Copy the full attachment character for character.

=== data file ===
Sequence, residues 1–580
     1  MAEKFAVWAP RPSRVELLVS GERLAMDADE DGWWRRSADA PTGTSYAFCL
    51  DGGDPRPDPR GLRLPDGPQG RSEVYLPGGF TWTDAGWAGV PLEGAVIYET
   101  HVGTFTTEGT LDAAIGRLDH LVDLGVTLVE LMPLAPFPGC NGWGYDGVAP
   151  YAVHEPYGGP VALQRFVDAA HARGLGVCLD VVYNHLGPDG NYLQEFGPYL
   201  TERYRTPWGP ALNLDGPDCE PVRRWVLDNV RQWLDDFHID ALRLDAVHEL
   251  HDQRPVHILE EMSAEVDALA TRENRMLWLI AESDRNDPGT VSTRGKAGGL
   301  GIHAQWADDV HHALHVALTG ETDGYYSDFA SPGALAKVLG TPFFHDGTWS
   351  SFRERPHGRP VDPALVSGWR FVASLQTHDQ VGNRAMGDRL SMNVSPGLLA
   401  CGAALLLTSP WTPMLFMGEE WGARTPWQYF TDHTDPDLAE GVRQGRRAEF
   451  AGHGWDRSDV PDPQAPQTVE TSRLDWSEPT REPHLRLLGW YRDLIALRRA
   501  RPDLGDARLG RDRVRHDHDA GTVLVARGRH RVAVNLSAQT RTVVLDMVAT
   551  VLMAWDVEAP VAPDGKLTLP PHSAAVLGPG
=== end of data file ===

Sequence, residues 1–580
     1  MAEKFAVWAP RPSRVELLVS GERLAMDADE DGWWRRSADA PTGTSYAFCL
    51  DGGDPRPDPR GLRLPDGPQG RSEVYLPGGF TWTDAGWAGV PLEGAVIYET
   101  HVGTFTTEGT LDAAIGRLDH LVDLGVTLVE LMPLAPFPGC NGWGYDGVAP
   151  YAVHEPYGGP VALQRFVDAA HARGLGVCLD VVYNHLGPDG NYLQEFGPYL
   201  TERYRTPWGP ALNLDGPDCE PVRRWVLDNV RQWLDDFHID ALRLDAVHEL
   251  HDQRPVHILE EMSAEVDALA TRENRMLWLI AESDRNDPGT VSTRGKAGGL
   301  GIHAQWADDV HHALHVALTG ETDGYYSDFA SPGALAKVLG TPFFHDGTWS
   351  SFRERPHGRP VDPALVSGWR FVASLQTHDQ VGNRAMGDRL SMNVSPGLLA
   401  CGAALLLTSP WTPMLFMGEE WGARTPWQYF TDHTDPDLAE GVRQGRRAEF
   451  AGHGWDRSDV PDPQAPQTVE TSRLDWSEPT REPHLRLLGW YRDLIALRRA
   501  RPDLGDARLG RDRVRHDHDA GTVLVARGRH RVAVNLSAQT RTVVLDMVAT
   551  VLMAWDVEAP VAPDGKLTLP PHSAAVLGPG